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IU Health & Wellness: Back-to-campus issue

Research and insights from Indiana University

FOR IMMEDIATE RELEASE
Aug. 30, 2011

IU Health and Wellness for August has a back-to-campus theme:

Happiness: All in who you know, goals
Sexual health shouldn't be left to chance
Indoor air quality: Nothing to sneeze at
Drunkorexia: Starving for a drink
Talking, texting your way into an accident or near miss

Happiness: All in who you know, goals. An Indiana University study that compared strategies used by extroverted college students and their less socially inclined peers found that happy people who are less outgoing relied less on partying and drinking to be happy and more on connections with family and friends or cognitive strategies, such as positive thinking. "You don't have to go out and party to be happy. That's the thing students feel they need to do, particularly when they're new to campus," said Bernardo J. Carducci, director of the Shyness Research Institute at Indiana University Southeast. "But, it's critical to maintain contacts with family, with friends and like-minded individuals with whom you feel some sort of meaningful connection. That could be other people in clubs that you belong to, like the accounting club, astronomy club . . . people you play intramural sports with." A second study, also conducted by Carducci, found that college students who are goal-oriented also tend to be happier than their less focused peers. "When you look at what these people do differently, people who strive to reach personal goals, they engage in more purposeful leisure, rather than sitting around and watching television," Carducci said. "They don't go clubbing as much as the others. They spend more time on what we call spiritual reflection. They write in journals. These are the kinds of people who tend to be more happy. These also are the people who mostly graduate from college."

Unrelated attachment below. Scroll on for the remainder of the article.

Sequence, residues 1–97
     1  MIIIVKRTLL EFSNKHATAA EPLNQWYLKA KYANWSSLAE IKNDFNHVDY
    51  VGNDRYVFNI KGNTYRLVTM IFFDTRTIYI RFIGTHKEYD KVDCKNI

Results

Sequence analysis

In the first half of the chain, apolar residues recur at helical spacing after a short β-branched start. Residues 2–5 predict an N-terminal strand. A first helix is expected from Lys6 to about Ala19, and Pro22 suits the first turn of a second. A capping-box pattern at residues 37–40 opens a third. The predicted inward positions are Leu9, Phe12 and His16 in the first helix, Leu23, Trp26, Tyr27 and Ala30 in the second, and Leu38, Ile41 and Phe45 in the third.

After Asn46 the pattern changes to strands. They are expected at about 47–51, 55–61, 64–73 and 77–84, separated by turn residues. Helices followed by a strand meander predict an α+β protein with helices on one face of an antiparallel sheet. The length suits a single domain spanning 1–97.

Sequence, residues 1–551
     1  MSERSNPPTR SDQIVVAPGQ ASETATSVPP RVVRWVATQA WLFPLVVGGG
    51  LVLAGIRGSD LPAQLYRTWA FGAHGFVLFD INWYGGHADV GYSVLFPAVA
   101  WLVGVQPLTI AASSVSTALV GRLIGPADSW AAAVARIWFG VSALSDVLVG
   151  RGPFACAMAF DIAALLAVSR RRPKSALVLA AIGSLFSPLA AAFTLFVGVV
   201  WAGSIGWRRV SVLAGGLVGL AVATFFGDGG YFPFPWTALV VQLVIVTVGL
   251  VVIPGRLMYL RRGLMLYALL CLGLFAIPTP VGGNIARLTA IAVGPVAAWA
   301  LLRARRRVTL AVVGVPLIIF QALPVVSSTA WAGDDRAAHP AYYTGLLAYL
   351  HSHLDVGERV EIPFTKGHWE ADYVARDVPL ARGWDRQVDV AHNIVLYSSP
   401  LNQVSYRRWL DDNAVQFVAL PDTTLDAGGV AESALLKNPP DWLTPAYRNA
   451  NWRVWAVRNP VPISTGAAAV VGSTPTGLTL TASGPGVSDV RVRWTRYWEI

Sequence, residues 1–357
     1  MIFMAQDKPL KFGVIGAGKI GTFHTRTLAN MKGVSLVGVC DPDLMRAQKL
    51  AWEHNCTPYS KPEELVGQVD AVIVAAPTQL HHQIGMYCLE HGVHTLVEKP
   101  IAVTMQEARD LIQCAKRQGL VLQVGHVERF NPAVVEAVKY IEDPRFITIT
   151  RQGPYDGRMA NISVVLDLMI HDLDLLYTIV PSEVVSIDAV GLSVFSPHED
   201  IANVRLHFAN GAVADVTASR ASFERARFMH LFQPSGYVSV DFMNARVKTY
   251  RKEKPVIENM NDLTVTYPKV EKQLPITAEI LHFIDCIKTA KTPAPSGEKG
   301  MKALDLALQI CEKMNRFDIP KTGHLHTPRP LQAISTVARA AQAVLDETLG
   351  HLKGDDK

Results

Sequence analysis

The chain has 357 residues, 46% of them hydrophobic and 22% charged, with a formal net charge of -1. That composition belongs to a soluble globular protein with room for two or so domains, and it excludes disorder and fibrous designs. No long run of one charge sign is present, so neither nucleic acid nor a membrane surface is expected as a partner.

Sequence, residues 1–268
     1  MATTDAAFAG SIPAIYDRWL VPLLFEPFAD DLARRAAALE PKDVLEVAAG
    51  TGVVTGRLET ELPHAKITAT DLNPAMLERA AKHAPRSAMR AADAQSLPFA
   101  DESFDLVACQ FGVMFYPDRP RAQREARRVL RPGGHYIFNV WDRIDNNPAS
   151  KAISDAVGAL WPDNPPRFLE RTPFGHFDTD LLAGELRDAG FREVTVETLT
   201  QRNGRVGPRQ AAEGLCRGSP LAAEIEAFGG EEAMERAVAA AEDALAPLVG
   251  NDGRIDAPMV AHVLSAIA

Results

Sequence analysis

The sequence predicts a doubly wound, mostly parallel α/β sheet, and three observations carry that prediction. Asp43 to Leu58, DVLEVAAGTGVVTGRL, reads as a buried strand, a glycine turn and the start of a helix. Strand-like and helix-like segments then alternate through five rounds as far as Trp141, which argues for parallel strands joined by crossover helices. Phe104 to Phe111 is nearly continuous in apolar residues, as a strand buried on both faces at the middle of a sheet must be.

About the studies:

  • Carducci's study "Self-Selected Strategies for Seeking Happiness by Individuals with High Happiness and Low Social Affiliation: A Look at Being HHIPe" was discussed in August at the American Psychological Association's annual meeting. Co-author was Rebecca S. Moody, an IU Southeast undergraduate psychology major. The study "Instrumental Goal Pursuit as an Individual-Difference Dimension in the Seeking of Subjective Well-Being" was discussed in June at the Biennial Meeting of the Association for Research in Personality. Co-author is Benjamin D. Traughber, an IU Southeast undergraduate psychology major.
  • Both studies involved 337 undergraduate students who completed an online survey that measured aspects of happiness, social affiliation, and drive to reach goals. The survey included the Satisfaction with Life Scale, Positive/Negative Affect Scale, and a 44-item Survey of Happiness Strategies.